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Prediction of pre-eclampsia: review of reviews.

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Primary studies and systematic reviews provide varied accuracy estimates for prediction of pre-eclampsia. We undertook a review of published systematic reviews to collate published evidence on the ability of available tests to predict pre-eclampsia, to identify high value avenues for future research and to minimise future research waste in this field.

We searched Medline, Embase, DARE (Database of Abstracts of Reviews of Effectiveness) and Cochrane Library databases (from database inception to March 2017) and bibliographies for systematic reviews and meta-analyses without language restrictions. We assessed the quality of the included reviews using the AMSTAR tool and a modified QUIPS tool. We evaluated the reviews' comprehensiveness of search, size, tests and outcomes evaluated, data synthesis methods and predictive ability estimates and risk of bias related to population studied, measurement of predictors and outcomes, study attrition and adjustment for confounding.

From 2444 citations, we included 126 reviews, reporting on over 90 predictors and 52 prediction models. Around a third of all reviews (29.3%, 37/126) investigated biochemical markers for predicting pre-eclampsia; 24.6% (31/126) investigated genetic associations with pre-eclampsia, 36.5% (46/126) reported on clinical characteristics; 3.2% (4/126) evaluated only ultrasound markers; and 4.8% (6/126) studied a combination of tests. Reviews included between two and 265 primary studies, including up to 25,356,688 women in the largest review. Only half (67/126, 53.2%) assessed the quality of the included studies. There was a high risk of bias in many of the included reviews, particularly in relation to population representativeness and study attrition. Over 80% (106/126, 84.1%) summarised the findings with meta-analysis. Thirty-four studies (32/126, 25.4%) lacked a formal statement on funding. The predictors with the best test performance were body mass index (BMI>35 specificity 92%, 95% CI 89-95% and sensitivity 21%, 95% CI: 12-31%; BMI >25 specificity 73% , 95% CI: 64-83% and sensitivity 47% , 95%CI: 33-61%), first trimester uterine artery Doppler PI or RI >90th centile (specificity 93%, 95% CI: 90%-96%) and sensitivity 26% (23-31%)), PLGF (specificity 89% , 95% CI: 89-89% and sensitivity 65% , 95% CI: 63-67%) and PP13 (specificity 88% , 95% CI: 87-89% and sensitivity 37% , 95% CI: 33-41%). No single marker had a test performance suitable for routine clinical use. The models combining markers showed promise, but none of the identified models had undergone external validation.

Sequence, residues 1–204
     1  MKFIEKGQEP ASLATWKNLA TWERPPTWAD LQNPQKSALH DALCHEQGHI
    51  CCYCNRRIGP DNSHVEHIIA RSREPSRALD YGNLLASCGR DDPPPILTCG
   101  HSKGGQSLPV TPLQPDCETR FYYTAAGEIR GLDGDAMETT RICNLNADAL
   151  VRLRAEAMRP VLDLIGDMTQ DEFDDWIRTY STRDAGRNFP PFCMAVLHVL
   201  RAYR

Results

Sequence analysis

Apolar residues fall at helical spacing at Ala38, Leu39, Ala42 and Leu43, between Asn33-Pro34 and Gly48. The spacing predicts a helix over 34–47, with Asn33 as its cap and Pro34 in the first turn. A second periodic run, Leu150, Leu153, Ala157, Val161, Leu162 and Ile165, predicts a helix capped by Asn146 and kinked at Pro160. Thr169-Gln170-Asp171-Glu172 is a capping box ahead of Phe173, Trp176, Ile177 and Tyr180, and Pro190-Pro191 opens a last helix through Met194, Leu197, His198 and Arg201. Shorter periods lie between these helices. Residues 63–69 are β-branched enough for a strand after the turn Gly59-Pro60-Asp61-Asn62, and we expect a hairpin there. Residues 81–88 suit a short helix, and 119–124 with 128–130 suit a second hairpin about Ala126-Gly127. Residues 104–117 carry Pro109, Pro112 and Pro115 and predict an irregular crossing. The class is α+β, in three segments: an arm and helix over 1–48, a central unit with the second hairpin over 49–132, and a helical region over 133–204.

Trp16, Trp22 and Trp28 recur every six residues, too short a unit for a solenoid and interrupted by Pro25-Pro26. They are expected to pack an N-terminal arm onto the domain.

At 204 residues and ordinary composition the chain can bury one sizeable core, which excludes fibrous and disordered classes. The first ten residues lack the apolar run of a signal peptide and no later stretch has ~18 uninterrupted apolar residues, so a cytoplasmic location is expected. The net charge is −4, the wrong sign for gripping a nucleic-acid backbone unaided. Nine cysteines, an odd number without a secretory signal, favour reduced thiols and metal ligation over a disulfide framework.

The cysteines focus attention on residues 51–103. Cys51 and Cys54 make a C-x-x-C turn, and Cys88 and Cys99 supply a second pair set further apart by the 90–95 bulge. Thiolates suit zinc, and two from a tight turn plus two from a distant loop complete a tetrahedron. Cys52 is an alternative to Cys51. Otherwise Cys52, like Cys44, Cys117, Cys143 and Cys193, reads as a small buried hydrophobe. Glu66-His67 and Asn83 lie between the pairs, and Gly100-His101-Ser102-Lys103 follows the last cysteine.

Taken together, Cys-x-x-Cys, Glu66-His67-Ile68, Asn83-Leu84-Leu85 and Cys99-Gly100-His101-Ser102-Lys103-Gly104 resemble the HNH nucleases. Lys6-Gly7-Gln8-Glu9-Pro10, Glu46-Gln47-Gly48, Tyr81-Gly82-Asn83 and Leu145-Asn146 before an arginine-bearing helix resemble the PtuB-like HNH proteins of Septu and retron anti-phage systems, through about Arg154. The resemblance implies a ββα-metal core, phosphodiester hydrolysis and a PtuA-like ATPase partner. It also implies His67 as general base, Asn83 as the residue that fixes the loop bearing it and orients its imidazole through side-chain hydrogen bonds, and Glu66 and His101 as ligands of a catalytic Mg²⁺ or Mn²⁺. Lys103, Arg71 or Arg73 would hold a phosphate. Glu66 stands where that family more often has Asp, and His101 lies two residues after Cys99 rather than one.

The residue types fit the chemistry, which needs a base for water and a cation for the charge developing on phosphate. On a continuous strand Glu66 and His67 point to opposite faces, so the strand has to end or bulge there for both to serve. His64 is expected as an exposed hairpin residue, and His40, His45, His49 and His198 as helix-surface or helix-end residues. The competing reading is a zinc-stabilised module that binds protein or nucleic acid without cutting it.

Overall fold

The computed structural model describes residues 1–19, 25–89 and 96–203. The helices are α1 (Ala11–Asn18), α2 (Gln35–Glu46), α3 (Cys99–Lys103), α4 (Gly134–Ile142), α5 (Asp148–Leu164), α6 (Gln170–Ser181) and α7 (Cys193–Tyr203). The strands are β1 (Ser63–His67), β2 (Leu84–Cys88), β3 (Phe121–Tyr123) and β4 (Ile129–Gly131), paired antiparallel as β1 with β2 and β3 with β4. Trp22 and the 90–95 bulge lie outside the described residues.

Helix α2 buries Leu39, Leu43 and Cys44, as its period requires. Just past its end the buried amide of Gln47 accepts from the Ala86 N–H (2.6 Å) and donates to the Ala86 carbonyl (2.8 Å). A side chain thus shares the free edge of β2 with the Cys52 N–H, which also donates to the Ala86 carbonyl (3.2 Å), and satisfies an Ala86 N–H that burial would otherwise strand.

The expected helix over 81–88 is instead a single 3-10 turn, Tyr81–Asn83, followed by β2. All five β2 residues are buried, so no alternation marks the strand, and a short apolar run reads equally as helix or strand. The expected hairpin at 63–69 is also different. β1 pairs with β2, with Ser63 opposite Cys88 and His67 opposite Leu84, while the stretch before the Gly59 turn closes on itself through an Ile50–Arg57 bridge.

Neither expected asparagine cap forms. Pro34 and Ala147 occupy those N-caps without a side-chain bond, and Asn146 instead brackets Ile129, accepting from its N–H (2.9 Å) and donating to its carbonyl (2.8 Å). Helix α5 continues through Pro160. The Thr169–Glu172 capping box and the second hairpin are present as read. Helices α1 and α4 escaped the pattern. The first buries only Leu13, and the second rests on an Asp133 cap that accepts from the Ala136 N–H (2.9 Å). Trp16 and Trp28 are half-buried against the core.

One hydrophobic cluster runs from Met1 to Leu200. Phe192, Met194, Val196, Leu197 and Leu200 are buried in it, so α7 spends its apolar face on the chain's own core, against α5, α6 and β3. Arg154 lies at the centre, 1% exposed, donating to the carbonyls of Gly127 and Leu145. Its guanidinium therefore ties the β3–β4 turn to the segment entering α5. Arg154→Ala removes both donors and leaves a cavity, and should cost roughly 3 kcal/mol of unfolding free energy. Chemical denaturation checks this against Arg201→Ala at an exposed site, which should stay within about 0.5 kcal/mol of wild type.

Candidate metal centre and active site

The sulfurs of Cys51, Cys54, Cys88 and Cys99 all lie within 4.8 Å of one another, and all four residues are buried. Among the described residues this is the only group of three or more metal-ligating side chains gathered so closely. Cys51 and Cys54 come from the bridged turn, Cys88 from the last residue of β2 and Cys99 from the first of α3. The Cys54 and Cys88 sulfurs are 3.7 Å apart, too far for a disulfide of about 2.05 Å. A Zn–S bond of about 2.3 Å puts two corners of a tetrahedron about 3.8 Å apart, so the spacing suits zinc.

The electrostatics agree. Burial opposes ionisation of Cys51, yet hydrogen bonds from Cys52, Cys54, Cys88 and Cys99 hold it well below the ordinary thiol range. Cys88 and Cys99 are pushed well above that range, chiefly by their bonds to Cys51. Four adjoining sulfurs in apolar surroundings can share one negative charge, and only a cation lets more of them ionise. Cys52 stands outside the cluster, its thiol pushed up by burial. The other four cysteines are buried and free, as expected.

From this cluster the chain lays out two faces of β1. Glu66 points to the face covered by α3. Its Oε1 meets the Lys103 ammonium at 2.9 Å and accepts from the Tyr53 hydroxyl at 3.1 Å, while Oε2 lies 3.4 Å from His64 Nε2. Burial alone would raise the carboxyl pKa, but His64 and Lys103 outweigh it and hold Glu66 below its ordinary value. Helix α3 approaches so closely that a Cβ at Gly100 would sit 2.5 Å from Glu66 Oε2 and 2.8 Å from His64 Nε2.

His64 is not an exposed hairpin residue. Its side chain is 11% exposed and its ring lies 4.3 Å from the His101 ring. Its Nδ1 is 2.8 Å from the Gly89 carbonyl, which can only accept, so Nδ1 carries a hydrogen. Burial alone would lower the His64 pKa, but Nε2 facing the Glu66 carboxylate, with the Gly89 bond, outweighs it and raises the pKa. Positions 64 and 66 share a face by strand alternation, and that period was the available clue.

Our review of reviews has questioned the need for further aggregate meta-analysis in this area, given the large number of published reviews subject to the common limitations of primary predictive studies. Prospective, well-designed studies of predictive markers, preferably in randomised intervention studies, and combined through IPD (individual patient data) meta-analysis are needed to develop and validate new prediction models to facilitate the prediction of pre-eclampsia and minimise further research waste in this field. This article is protected by copyright. All rights reserved.


(2019). Prediction of pre-eclampsia: review of reviews. Ultrasound in Obstetrics & Gynecology, 16.

Acceptance Date Aug 26, 2018
Publication Date Jul 1, 2019
Journal Ultrasound in Obstetrics and Gynecology
Print ISSN 1469-0705
Publisher Wiley
Pages 16
Keywords pre-eclampsia; screening; predicition; hypertension in pregnancy; systematic review
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